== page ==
• 2 packages gluten free udon noodles
  • 2 packages silken tofu (firm)
  • 1 shallot
  • 1 Tbsp ginger
  • 1 large broccoli crown
  • 1/2 red bell pepper
  • 1/2 15oz can baby corns
  • 1/2 cup shiitake mushrooms
  • Olive oil 1
  • White Miso soup paste 2
  • Salt and pepper

img_2061img_2064Instructions:

  • Start a pot of water boiling.
  • Chop tofu into bite-sized cubes and place on baking sheet (I covered the sheet with aluminum foil and sprayed it lightly with coconut spray). Place in the oven on Hi Broil (middle rack or lower!)
  • Chop noodles in half and add to boiling water.3 Cook only 2 minutes! Strain then mix with 1 Tbsp olive oil and 2 Tbsps miso soup paste. Set aside.
  • Heat a wok over medium-high heat. Add 1 Tbsp olive oil. Chop shallot and ginger and add when wok is hot.
  • When aromatic (5 mins or so) add chopped broccoli.
  • img_2065When broccoli is brighter green, add chopped red pepper, baby corns, and smooshed4 shiitake mushrooms.
  • In another 5 mins or so, add in noodles. Remove tofu from oven and add (it should be lightly crisped and brown around the edges). Then add in another Tbsp oil and miso.
  • Mix and cook until all is warm, another 3-5 mins. Serve immediately. Top with paprika if desired.

img_2059img_2063img_2060Serves 6-8. Takes ~30 mins.

Tips:

  • 1 I used garlic-flavored, but if you like garlic I could see adding some actual garlic at the same time as the ginger and shallots.
  • 2This is the super secret ingredient!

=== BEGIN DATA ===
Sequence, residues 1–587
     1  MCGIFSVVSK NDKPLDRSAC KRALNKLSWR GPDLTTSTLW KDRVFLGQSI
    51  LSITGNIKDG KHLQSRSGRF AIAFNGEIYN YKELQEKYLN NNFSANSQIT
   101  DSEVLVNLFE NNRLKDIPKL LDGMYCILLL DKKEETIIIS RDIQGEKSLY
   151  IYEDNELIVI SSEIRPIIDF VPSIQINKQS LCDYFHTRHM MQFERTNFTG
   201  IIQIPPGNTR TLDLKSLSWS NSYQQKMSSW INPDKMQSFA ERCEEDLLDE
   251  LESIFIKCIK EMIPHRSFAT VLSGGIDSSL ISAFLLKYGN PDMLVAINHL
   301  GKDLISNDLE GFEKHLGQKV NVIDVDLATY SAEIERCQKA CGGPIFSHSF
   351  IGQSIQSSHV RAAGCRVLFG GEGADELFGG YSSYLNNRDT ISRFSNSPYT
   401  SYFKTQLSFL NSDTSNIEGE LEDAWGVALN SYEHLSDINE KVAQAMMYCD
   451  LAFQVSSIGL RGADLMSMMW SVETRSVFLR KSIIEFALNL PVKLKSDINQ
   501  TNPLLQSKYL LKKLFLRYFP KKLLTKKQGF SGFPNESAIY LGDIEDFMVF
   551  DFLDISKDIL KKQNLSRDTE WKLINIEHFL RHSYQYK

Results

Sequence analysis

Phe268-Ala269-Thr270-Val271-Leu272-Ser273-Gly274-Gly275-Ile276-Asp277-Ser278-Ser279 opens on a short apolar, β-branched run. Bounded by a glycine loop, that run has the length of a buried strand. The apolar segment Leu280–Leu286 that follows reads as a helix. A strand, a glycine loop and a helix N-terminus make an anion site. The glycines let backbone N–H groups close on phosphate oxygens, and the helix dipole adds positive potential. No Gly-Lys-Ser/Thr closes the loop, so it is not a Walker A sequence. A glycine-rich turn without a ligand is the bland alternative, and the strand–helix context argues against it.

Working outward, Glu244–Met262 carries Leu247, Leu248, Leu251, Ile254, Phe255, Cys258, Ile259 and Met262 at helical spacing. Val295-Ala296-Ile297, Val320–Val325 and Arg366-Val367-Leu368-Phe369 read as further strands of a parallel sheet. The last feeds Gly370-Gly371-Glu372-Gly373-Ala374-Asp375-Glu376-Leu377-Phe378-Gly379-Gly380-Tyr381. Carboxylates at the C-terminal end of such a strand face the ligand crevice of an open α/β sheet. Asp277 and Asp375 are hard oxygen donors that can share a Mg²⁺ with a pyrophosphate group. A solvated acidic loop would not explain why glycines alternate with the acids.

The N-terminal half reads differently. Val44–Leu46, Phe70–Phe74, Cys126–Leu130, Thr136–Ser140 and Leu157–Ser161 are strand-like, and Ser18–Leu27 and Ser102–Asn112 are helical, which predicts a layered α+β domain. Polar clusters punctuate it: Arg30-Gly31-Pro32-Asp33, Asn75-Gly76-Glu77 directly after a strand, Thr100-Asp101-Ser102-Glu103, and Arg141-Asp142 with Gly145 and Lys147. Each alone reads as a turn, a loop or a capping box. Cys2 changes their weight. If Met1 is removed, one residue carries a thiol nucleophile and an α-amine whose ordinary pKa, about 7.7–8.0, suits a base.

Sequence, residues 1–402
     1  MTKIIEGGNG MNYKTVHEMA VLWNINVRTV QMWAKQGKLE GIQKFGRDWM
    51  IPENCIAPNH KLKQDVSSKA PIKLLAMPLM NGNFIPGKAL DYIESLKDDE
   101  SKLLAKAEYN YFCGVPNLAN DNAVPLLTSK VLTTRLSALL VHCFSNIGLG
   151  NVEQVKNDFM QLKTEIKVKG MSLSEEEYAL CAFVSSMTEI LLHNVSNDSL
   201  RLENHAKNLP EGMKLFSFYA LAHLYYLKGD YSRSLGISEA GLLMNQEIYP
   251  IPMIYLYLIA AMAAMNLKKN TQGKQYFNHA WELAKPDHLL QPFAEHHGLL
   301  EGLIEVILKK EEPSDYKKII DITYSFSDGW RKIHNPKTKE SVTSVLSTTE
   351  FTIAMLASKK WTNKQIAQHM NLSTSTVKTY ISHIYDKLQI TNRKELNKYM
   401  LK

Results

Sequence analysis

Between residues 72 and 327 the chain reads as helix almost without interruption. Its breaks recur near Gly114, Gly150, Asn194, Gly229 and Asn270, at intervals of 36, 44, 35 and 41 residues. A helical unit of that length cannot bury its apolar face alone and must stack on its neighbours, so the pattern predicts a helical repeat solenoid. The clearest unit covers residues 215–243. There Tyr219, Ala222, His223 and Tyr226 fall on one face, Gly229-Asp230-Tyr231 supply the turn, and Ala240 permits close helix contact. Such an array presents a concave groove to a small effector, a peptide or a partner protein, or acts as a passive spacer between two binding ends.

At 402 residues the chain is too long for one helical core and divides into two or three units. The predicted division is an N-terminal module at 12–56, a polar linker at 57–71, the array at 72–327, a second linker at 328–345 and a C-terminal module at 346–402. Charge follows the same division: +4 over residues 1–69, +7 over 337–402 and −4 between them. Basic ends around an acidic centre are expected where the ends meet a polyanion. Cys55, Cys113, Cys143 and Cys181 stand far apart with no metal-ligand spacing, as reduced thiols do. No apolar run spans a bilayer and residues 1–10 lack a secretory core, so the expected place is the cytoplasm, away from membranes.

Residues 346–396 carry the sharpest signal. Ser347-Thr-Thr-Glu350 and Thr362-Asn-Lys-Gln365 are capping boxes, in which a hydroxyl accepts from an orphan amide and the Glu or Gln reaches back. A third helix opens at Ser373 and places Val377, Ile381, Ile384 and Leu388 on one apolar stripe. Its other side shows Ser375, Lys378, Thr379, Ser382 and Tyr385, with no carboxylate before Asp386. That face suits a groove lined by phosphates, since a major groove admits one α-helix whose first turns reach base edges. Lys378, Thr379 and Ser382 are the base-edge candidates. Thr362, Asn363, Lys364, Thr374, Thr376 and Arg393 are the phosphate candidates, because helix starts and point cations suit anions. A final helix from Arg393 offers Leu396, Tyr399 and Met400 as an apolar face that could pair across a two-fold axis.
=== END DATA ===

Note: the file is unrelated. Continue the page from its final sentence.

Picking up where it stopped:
• 3If you use the noodles I did, warning: don’t dump these right into the pot, otherwise others will be amused while you hastily try to fish out the “do not eat” sack before you poison yourself and your dinner guests
  • 4You could chop these I suppose, but I’m lazy, so I just literally smooshed them a bit between my fingers while washing them

Mirror mirror on the wall…I’m not broken!

As an Eating Psychology Coach I work with many women who are concerned about their weight and have issues with their body. (Some have real weight they could lose–others believe that losing a few pounds would make them “better” in some way.)

Either way, how often do we women look into a mirror and criticize our bodies? When something we try on doesn’t look right, our self-talk isn’t usually “oh, this outfit is awful.” Rather, we hone in on the parts of us we think are too big/small, too long/short, too thin/thick, too flat/lumpy. We have a habit of judging ourselves harshly, and that can move us quickly onto comparisons. We ruminate while standing there, finding all the ways that we are less than. We continue to look for outside validation (either in the mirror or from others in our lives) about our beauty and our worth. When we do this, we expend a tremendous amount of our power and life energy shaming ourselves; later we wonder why we don’t feel confident or sexy or happy, and believe it’s tied to our physical shape (which clearly we must change!).